The Institute of Internal Auditor’s (IIA) report, OnRisk 2020: A Guide to Understanding, Aligning and Optimizing Risk, identifies several organisational risks that have arisen out of a disconnect between company board and C-suite perceptions on the ability of companies to address risk.
These risks include:
- data protection
- regulatory change
- business continuity/crisis response
- data and new technology
- third party
- talent management
- board information
- data ethics
How are boards and organisations misaligned?
There are several causes of this misalignment, and it’s increasing the risk exposure of organisations, particularly to newer threats such as cybersecurity risk. According to the qualitative survey in the IIA’s report, there is a divergence between board members and C-suite-level employees about their organisation’s perceived capability to manage risk.
Across all risk types, board members were more confident in their organisation’s ability to manage risk, compared to C-suite executives. This was particularly evident with the risks related to data protection and engaging third parties for processes, IT and cloud services. Interestingly, cybersecurity was one of the most closely aligned risks as both parties rated their organisational capability as low. However, other risks such as data protection, data ethics, and data and new technology which are interrelated with cybersecurity suggest that organisations could be underestimating their cybersecurity risks, and organisational misalignment is a key cause.
What are the causes of misalignment between company boards and C-suite executives?
There are several causes of misalignment between company boards and C-suite executives in terms of perceived capability to manage risk. These causes primarily stem from insufficient information sharing and knowledge gaps, including:
- inconsistent or infrequent reporting upwards
- lack of knowledge and understanding, causing board members to ask the wrong questions (or not ask at all)
- desire of executives or managers to represent organisational capabilities in a stronger state than they currently are.
For example, according to Unsisys’ report, Cybersecurity Standoff Australia, 25 per cent of organisations with a board do not report on cybersecurity concerns or issues, demonstrating a possible underestimation of the importance and value of data and keeping it secure.
There’s also misalignment between company boards and other levels of organisations
Misalignment of perceptions isn’t solely an issue between company boards and c-suite executives; it also occurs in all levels of organisations. For example, on the issue of cybersecurity, there’s a divergence between executives and mid-level managers and between CEOs and Chief Information Security Officers (CISOs). Some of the findings of the industry survey in Uniysys’ cybersecurity report highlights this divergence:
- 6 per cent of CEOs said their organisation suffered a data breach in the past 12 months, compared to 63 per cent of CISOs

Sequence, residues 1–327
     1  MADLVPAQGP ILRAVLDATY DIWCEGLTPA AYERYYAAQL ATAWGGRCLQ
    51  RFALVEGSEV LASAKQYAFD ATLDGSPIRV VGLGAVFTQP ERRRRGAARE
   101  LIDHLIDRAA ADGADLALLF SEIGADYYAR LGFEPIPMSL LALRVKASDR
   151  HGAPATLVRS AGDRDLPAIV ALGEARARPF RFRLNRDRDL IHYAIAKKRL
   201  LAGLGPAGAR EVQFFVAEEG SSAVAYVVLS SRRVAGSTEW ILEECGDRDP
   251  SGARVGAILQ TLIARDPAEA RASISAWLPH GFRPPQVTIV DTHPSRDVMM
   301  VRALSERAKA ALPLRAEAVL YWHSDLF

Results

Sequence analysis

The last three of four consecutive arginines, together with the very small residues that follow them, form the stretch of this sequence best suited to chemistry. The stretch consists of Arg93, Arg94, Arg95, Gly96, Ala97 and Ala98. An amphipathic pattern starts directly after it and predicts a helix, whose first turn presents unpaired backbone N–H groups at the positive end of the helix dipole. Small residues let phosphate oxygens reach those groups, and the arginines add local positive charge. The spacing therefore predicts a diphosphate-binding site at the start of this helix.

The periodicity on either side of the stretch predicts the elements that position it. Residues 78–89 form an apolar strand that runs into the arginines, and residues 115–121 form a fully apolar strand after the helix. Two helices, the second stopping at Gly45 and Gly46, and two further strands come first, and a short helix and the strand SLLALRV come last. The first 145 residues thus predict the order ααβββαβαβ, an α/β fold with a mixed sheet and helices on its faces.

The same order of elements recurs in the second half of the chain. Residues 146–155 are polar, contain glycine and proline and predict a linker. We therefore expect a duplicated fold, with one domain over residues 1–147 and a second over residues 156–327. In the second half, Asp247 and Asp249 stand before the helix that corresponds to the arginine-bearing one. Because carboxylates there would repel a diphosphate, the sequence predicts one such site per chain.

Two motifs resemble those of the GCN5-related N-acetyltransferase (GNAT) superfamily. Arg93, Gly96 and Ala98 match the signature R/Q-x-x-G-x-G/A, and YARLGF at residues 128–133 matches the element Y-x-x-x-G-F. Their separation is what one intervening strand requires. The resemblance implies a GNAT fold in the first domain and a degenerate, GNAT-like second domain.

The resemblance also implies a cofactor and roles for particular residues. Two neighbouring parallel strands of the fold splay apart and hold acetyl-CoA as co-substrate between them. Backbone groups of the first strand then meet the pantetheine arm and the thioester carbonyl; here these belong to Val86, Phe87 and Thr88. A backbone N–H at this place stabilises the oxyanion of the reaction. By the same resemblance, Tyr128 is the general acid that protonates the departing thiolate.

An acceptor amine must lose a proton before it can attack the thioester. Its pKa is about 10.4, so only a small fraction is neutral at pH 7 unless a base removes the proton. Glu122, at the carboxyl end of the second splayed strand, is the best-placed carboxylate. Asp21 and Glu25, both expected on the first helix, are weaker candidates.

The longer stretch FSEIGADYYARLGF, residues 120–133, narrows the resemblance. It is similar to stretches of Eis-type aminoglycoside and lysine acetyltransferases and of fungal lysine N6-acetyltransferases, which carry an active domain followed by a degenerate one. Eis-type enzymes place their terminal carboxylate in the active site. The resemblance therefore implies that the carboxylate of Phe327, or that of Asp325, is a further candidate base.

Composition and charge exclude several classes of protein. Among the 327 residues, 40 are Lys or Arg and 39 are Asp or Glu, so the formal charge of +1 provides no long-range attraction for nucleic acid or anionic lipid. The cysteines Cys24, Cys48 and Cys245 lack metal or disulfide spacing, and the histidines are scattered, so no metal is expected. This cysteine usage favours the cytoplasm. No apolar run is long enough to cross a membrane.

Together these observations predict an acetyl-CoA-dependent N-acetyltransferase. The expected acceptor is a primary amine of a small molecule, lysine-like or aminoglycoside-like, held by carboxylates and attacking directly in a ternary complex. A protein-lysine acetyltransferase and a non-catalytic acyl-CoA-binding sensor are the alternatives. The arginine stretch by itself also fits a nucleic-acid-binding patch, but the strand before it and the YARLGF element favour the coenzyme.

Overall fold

- 44 per cent of CEOs think their organisation can respond to cyber threats in real-time, while only 26 per cent of CISOs agree
- 51 per cent of CEOs think their organisation’s data collection policies are clear, but only 26 per cent of CISOs agree
Risk management suffers as a result of organisational misalignment
The misalignment of views and perceptions between different levels of organisations results in a misunderstanding of the risks that organisations need to mitigate, which produces subpar risk management practices. This results in the inefficient allocation and use of risk mitigation budgets, further exposing organisations more than necessary. The impacts of mismanaging risk, particularly cybersecurity risk, can result in significant reputational, financial and legal damages, including personal liability for directors in some cases.
How to better align company boards and organisations
There are several process improvements and practices that can be implemented to better align company boards and all levels within an organisation. These improvements and practices differ between each level of an organisation as outlined below.
For board members:
- Apply professional scepticism when evaluating information received from executives.
- Remain curious and seek education in poorly understood domains.
For C-suite executives:
- Provide complete, accurate, timely and realistic information to the board, regardless of how the information may be perceived
- Apply a questioning mind and critically assess the appropriateness and sufficiency of information received from middle managers
- Implement and enforce consistent and regular reporting structures within the organisation.
For middle managers
- Provide complete, accurate, timely and realistic information to executives (management reporting), regardless of how this information may be perceived.
If you would like to discuss your company’s cybersecurity and governance risks and how we can help, please contact your Pitcher Partners specialist.